As the world’s first carbon-negative distillery, Two Drifters is battling climate change one bottle of rum at a time. Here, MoM caught up with head distiller and co-founder Russ Wakeham to find out about the planet-friendly production process behind their Black Sails range of rums. . . 

Prior to distilling, husband and wife duo Russ and Gemma Wakeham were real-life drifters*. Before they fired up their stills in April last year, Russ was an organic chemist working in carbon capture and storage. Based in Vancouver the couple had been dreaming of a change of pace and were looking for ways to return to the UK.

“With chemistry you have to find a new job every two years – it can be in any country, anywhere, doing anything – and so we were drifting,” says Wakeham. “We wanted to get back to Devon, which is where both Gemma and I are from. There’s little in the way of chemistry jobs down here – no industry to speak of – so we decided to create our own.” 

The two drifters behind Two Drifters

Two Drifters: Environmental credentials

They set out to make the distillery as environmentally-friendly as possible from the get-go. “I’d met a lot of people working in carbon capture and carbon storage who had lots of cool ideas that I thought were really exciting and interesting, kind of technologies of the future,” he says. “With that knowledge, I couldn’t in good conscience set up a business without decent environmental credentials. It had to be at the core of everything we do.”

One such company was Climeworks, a Swiss company that uses ‘direct air capture machines’ to effectively suck CO2 straight out of the sky and remove it from the atmosphere. The process turns CO2 into a chalky material, which is then buried underground (where it came from!) To achieve a carbon-negative status, Wakeham tallies up their total CO2 emissions – “from growing the sugarcane all the way through to delivery to customers,” he says – and offsets more than the total calculation via Climeworks’ clever tech. It’s an expensive process.

“The price per tonne of CO2 from the machine is about £800,” Wakeham says, “and the tax on CO2 is about €17. So it’s far cheaper for a company to chuck it in the atmosphere and pay the tax than to suck it out the air. Until the technology has more investment and those numbers come closer, there’s no real incentive for a business to do what we’re doing.”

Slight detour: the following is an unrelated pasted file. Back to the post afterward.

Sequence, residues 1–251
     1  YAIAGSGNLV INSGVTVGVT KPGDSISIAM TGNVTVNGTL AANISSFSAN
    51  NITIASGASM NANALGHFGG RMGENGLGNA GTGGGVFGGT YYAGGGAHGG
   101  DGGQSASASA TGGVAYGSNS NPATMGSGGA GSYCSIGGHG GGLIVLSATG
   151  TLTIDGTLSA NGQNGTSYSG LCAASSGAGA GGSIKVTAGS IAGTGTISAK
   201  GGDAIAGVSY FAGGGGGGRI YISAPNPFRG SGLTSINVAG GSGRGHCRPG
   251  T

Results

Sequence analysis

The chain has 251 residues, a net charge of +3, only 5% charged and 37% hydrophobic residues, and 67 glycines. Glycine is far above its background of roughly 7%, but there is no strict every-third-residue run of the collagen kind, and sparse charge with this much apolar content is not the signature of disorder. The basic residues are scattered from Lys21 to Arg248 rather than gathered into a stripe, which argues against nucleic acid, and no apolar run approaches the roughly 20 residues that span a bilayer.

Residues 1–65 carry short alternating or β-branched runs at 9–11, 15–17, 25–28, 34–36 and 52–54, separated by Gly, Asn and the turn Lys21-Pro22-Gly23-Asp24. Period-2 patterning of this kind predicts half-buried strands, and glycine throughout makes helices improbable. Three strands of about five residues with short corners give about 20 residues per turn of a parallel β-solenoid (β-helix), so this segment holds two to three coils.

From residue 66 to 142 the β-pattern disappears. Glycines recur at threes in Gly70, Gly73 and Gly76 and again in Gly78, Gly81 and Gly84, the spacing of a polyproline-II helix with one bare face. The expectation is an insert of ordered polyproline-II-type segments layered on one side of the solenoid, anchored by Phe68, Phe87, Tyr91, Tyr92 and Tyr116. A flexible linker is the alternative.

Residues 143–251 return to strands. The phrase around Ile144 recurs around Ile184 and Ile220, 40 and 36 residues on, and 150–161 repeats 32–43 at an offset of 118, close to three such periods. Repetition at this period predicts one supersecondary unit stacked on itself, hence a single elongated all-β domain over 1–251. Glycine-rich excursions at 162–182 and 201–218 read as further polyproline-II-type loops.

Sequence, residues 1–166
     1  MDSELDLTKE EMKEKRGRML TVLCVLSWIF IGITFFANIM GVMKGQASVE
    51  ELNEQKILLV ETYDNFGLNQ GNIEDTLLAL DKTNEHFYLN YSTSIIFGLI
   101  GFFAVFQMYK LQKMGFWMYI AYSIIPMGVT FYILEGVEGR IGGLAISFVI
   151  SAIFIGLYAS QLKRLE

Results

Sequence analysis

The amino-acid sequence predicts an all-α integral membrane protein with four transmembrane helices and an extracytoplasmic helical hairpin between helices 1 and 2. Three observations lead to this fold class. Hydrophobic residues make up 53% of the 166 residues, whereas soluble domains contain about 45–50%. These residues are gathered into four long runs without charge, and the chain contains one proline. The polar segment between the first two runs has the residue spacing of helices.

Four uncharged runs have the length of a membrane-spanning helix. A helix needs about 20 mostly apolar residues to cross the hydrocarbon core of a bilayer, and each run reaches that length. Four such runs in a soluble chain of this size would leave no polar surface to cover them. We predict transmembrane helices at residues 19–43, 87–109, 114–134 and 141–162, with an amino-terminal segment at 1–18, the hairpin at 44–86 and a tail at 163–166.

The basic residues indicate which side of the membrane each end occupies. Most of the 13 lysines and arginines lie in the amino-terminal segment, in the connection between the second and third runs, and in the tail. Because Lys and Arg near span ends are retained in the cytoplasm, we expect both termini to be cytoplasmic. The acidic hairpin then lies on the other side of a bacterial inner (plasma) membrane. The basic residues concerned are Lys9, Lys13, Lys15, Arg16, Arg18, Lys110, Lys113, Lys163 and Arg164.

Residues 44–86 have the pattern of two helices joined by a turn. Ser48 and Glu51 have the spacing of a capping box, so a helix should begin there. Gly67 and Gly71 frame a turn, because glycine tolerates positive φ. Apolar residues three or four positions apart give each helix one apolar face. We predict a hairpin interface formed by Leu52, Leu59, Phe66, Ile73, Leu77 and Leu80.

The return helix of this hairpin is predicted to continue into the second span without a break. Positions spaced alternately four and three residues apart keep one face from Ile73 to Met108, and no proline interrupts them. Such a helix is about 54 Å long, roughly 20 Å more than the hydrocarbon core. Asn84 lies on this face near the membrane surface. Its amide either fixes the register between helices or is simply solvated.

To keep the bill down, Russ and Gemma look to save CO2 through every available avenue. Each possible choice is made according to the lowest carbon option. All the brewing and distilling equipment is electric and runs off zero-emissions energy. They use an electric van for local deliveries and carbon-neutral courier DPD for everything else.

When it comes to the carbon footprint of your ‘average’ rum, the process of farming and cultivating sugarcane; transportation – both in terms of raw material and bottled liquid – and packaging all factor heavily.  At 30% of the total emissions bill, glass especially is the largest contributor. “Glass is infinitely recyclable, but you have to collect and recycle it responsibly, and that just doesn’t happen,” he says. “More than 50% ends up in landfill, which is nuts for a fully-recyclable material.”

Yo ho ho, and a conical flask of rum!

Two Drifters: The range

To make their rum, Two Drifters source molasses from Tate & Lyle in east London. “The sugarcane is generally grown in central America, refined here in the UK, which is great because we get a nice consistent product, and then shipped to us, so you can follow the pathway,” says Wakeham. At the distillery, the team adds “water, yeast, and lots of nutrients, because molasses is pretty void of any goodness for yeast.

After a seven day fermentation, and two distillation runs, Wakeham is left with “a really tasty white rum”. He dilutes the liquid down to 40% ABV to make their Black Sails White Rum; for the Dark Rum, he adds burnt sugar, and there’s a Spiced Rum he describes as “rum that is spiced – not quite a traditional spiced rum”. The fourth bottling, Gold Rum, is their first foray into barrel ageing.

“Since we’ve only been going just over a year, we haven’t had much time to age extensively but we’ve had some good success using little barrels – and these are really little; 10-litre, 20-litre ones,” Wakeman says. “A couple of weeks ago we won a Silver award at the World Rum Awards for our Gold Rum. We’re ageing some at the moment that should be ready for summer. Tasty stuff.”

* The name is also a reference to their wedding day. “When we got married, Gemma walked up the aisle to Moon River, and in there is the lyric ‘two drifters/off to see the world’,” says Wakeham. “It was on all of our wedding stationary – so it’s always been a theme.”